Recently, I was having a conversation with a sales manager about apologies. Quite often, sales people start a call with “sorry” and then do exactly what they just apologized for. Rather than offering up apologies that carry little weight, try relating to them. Let me elaborate…
Have you every started a sales call with “I’m sorry to interrupt” or “I’m sorry we keep calling you” followed quickly by your sales pitch?
Now, think about the last time this happened to you as the consumer? Has someone every offered up an apology that you could tell they didn’t really mean? It reminds me the kind of apology a 5 year old blurts out when they got caught doing something they weren’t supposed to, but they don’t really feel bad about it.
Even if you do feel bad about it, you clearly don’t feel bad enough to change what you are doing (because you are still “calling,” “interrupting,” etc.). So instead of offering up a meaningless apology, try actually listening and relating to the person on the other end.
The Feel, Felt, Found Strategy
More than anything, people want to be heard, and understood. Simply listening to a customer’s complaints is not enough. They don’t just need a sounding board; customers need confirmation that what they just said was received.
Start with Feel
Acknowledge that you heard their concern. You don’t have to be a wordsmith to make this strategy effective. You can do this by simply repeating back what they said and include the word feel. Let’s see how this would play out with a very common concern expressed by customers in most any industry…
A customer tells you, “Your prices are too high.” A common response to this very common complaint is to go right into an explanation about the value that they are getting for the cost. The problem is that the customer is not connecting cost and value in the same way you are. Chances are pretty good you won’t make the sale with this approach because you are arguing two different points.
Instead, start by saying “I understand that you feel the prices are too high.”
Right now, you have let the customer know that you heard their objection clearly and you are ready to work with them on it.
Progress to Felt
So now that the customer feels heard, they need to feel connected. If you are struggling to relate to their objection personally, consider the other times you received that same objection (don’t worry, if you are new and it’s the first time you are hearing it, you can make it up a little, I’m sure it won’t be the last). Also try to think about a similar situation you have had personally as a consumer.
You could follow up with “Others felt the same way you do.” This makes the customer feel connected to other customers who have been in their situation.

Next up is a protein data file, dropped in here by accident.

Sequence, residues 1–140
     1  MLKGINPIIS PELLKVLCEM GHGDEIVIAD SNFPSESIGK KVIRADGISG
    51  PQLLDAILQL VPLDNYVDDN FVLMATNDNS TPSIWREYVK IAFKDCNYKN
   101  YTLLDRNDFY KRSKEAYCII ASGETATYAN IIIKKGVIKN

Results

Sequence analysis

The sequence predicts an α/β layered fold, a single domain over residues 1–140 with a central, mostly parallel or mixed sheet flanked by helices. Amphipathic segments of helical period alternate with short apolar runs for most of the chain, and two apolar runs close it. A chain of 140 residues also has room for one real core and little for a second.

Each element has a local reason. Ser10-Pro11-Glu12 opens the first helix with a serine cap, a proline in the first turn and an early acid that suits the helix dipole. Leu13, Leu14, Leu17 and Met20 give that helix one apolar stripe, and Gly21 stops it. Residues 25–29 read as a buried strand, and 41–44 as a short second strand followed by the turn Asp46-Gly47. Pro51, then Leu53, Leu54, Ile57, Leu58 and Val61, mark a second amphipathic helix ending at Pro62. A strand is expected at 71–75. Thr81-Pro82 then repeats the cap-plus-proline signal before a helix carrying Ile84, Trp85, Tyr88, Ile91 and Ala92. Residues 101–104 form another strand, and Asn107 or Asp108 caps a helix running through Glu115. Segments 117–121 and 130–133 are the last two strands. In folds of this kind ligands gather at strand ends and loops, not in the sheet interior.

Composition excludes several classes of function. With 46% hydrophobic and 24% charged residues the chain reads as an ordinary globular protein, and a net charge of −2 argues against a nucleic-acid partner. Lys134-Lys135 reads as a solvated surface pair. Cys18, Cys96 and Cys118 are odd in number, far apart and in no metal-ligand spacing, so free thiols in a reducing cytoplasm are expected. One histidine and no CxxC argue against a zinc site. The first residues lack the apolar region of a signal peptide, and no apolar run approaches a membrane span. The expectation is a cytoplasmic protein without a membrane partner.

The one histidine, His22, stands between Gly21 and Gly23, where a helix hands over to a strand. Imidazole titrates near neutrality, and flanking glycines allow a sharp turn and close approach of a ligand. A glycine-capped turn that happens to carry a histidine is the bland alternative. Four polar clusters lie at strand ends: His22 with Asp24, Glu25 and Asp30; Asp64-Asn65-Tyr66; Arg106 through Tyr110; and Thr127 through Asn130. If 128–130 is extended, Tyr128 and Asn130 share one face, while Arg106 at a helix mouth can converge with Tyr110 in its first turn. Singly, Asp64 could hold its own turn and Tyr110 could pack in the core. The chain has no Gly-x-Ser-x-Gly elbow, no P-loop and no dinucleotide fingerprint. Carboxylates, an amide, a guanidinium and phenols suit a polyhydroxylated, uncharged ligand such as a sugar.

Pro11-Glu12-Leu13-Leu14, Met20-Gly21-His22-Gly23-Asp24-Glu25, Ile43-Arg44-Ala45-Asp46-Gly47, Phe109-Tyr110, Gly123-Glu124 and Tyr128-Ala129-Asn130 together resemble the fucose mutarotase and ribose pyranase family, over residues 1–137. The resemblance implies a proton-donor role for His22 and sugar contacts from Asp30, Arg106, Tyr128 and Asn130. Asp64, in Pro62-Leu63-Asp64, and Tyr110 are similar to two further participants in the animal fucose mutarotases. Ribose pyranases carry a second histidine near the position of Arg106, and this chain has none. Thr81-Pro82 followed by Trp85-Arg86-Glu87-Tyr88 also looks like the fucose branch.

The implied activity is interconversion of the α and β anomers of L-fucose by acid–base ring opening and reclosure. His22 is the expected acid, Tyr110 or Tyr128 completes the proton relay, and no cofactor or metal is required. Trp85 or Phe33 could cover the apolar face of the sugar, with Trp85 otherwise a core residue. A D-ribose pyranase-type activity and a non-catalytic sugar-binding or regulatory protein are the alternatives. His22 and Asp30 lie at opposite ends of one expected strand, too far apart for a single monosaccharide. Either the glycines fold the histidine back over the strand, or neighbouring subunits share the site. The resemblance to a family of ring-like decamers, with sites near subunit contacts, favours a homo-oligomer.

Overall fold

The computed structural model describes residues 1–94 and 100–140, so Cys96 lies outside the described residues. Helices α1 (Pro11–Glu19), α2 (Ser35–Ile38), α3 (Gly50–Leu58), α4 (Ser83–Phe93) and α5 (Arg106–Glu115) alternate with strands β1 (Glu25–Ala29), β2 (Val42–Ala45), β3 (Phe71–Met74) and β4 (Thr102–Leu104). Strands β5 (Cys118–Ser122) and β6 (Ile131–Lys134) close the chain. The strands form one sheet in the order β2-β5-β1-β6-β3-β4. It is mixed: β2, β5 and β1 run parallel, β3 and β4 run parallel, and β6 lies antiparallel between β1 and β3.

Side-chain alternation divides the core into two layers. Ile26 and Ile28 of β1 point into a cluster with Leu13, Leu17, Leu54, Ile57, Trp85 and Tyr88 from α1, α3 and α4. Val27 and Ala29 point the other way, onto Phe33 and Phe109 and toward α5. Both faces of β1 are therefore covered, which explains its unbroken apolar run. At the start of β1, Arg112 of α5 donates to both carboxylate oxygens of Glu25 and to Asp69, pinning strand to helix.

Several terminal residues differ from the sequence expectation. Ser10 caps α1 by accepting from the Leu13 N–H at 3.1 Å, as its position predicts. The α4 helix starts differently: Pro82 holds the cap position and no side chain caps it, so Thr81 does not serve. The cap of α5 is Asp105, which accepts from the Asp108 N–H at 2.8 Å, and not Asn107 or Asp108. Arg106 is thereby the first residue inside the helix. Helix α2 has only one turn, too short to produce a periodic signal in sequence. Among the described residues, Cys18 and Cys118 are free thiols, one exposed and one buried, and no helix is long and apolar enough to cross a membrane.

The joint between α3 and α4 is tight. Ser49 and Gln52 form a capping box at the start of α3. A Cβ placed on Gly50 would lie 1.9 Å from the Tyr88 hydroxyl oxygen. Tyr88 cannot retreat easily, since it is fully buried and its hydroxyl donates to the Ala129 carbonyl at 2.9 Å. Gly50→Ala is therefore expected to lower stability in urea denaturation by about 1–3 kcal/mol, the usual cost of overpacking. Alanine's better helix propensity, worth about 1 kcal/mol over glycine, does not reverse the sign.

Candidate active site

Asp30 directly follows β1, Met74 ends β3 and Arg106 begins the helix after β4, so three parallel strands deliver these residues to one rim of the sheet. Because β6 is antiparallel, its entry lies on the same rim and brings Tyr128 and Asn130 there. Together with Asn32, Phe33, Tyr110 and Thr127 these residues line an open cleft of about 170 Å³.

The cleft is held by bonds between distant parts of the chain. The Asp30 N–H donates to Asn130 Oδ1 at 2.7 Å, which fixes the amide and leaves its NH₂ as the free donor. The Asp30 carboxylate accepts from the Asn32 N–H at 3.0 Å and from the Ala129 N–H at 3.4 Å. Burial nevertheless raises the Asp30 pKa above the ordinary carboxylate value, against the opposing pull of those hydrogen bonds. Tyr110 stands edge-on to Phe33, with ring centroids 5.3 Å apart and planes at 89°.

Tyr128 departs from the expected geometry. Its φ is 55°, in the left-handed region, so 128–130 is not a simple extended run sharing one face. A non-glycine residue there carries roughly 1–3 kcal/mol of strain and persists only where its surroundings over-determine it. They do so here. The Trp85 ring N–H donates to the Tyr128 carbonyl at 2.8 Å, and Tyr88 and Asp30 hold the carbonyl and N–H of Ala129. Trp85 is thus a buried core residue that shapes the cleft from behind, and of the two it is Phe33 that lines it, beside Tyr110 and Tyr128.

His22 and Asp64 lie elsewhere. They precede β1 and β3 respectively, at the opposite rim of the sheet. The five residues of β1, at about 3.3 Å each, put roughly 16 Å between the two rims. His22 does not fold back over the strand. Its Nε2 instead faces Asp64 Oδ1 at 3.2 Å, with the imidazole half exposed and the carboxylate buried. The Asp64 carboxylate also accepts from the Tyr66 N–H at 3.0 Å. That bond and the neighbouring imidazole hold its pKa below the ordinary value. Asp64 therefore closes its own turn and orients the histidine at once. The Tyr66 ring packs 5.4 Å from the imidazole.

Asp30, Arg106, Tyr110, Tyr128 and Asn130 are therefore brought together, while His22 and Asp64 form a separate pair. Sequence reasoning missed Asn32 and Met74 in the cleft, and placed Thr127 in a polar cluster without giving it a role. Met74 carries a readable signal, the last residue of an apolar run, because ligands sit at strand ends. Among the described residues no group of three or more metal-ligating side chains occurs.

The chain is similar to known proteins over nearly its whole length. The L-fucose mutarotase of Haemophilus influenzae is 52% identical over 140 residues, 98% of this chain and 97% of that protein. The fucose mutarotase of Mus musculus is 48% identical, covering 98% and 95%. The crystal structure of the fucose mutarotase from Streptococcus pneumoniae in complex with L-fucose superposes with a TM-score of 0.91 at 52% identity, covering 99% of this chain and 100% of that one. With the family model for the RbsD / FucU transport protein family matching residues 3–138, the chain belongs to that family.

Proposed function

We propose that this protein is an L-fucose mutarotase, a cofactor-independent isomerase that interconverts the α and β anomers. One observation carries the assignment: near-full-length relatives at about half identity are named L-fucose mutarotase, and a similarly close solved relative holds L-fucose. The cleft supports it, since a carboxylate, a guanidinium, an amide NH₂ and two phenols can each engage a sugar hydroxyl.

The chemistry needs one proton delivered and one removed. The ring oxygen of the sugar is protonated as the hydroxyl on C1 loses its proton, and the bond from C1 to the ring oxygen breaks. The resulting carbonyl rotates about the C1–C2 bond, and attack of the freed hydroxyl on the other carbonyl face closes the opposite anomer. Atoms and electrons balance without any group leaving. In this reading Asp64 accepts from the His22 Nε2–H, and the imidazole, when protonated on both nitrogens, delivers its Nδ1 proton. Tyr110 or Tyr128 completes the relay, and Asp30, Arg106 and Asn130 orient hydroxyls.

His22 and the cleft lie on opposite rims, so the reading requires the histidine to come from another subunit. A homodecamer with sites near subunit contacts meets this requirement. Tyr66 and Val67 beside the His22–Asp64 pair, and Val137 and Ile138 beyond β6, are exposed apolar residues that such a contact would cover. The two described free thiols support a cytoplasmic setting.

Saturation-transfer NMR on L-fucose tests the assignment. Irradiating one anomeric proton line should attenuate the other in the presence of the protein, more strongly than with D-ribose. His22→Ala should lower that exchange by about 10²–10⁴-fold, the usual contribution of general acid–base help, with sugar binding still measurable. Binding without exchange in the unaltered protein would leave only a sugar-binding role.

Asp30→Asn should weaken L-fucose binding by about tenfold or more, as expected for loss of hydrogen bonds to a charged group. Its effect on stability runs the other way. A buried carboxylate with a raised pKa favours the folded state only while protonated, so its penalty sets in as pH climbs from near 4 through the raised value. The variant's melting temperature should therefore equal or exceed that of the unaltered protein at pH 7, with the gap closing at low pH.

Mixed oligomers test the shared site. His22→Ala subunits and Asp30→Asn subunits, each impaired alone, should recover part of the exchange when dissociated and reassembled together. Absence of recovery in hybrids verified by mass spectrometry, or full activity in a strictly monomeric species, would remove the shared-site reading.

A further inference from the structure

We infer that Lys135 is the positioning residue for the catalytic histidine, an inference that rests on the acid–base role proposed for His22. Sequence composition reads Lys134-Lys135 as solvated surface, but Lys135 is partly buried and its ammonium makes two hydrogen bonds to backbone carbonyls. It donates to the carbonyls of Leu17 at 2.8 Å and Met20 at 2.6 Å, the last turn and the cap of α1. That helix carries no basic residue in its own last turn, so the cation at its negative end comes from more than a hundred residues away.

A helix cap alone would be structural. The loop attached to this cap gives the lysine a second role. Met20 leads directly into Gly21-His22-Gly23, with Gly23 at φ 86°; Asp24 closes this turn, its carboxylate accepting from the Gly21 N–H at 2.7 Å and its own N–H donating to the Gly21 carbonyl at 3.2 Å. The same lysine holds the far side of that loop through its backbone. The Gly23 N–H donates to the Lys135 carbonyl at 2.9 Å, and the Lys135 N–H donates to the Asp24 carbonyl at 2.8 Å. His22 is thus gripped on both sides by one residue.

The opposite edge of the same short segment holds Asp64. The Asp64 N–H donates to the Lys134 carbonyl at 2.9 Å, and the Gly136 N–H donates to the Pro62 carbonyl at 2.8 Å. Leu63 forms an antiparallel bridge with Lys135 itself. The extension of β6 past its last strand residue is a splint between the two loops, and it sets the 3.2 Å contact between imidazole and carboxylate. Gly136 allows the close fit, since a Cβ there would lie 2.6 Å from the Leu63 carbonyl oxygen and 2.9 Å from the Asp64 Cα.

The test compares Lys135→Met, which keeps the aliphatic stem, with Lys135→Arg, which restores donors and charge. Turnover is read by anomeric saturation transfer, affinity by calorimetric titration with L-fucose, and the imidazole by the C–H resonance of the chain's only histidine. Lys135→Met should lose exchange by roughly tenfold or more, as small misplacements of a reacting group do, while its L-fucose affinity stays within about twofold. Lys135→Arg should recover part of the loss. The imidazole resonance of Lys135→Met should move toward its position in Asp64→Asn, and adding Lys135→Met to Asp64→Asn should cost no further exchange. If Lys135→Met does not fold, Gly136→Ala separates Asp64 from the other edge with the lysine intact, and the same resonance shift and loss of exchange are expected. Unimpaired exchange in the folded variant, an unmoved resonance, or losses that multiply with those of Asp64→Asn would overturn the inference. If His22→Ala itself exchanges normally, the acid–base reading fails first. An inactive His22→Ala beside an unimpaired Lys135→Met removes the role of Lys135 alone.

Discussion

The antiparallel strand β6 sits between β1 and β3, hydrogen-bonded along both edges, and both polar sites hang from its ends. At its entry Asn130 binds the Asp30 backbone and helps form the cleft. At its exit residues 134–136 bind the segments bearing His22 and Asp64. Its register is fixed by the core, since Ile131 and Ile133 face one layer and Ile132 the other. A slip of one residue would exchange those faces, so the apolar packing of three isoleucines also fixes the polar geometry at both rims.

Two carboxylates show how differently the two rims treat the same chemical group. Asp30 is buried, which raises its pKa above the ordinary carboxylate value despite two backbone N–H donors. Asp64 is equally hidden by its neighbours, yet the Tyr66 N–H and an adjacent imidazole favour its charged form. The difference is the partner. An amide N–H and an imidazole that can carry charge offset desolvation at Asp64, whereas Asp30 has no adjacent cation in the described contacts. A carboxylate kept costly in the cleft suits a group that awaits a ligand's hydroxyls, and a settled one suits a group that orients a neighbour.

Now, let’s say for the case of this example that the customer is a small business owner. If you really want to connect to them, try saying “Other business owners have felt the same way you do.” This lets them know that not only has this objection occurred before and is therefore resolvable, but also that it was felt by others who are in their same situation (e.g., business owner).
Found for the Win
The last part of this strategy is to help the customer understand what actions others in their situation have taken and what the result was. The found phrase typically has two components; the first is what you want them to do (buy your product, sign up for your service, etc.). The second part is the positive impact that this action had on those customers, or how you resolved the concern previously.
Here’s how that would look: “They found that after purchasing our service, their expenses went down.”
.Now, let’s look back on what we’ve covered here. If you responded to “Your prices are too high” with “Our service will decrease your other expenses,” you are stating a fact, but not one that you customer can relate to or trust.
If you want your customers to know, like and trust you, they need to be heard and understood. Employing this strategy, we can respond to “Your prices are too high” with “I understand that you feel our prices our too high. Other business owners have felt the same way you do. They found that after purchasing our service, their expenses went down.”
A strategy for all
This strategy works for many situations, whether it’s an initial cold call, or a long time customer. Whether you are responding to an objection, or simply feel an apology may be in order. Consider the cold call complaint at the start of this post. You are aware that a prospect has already received numerous calls from other companies selling the same product you are (or perhaps even calls from other reps within your company). Instead of saying “I’m sorry” in response to “My phone has been ringing all day with people trying to sell me ‘X’,” use feel, felt, found like this.
“Thank you for letting me know how you feel about the numerous calls you have received today, I felt the same way when I filled out an online information request for ‘Y’ and what I found was [enter your microscript or resolution here]”. You have now related to them personally, they understand that you get where they are coming from and they are much more open to listening to what you have to say.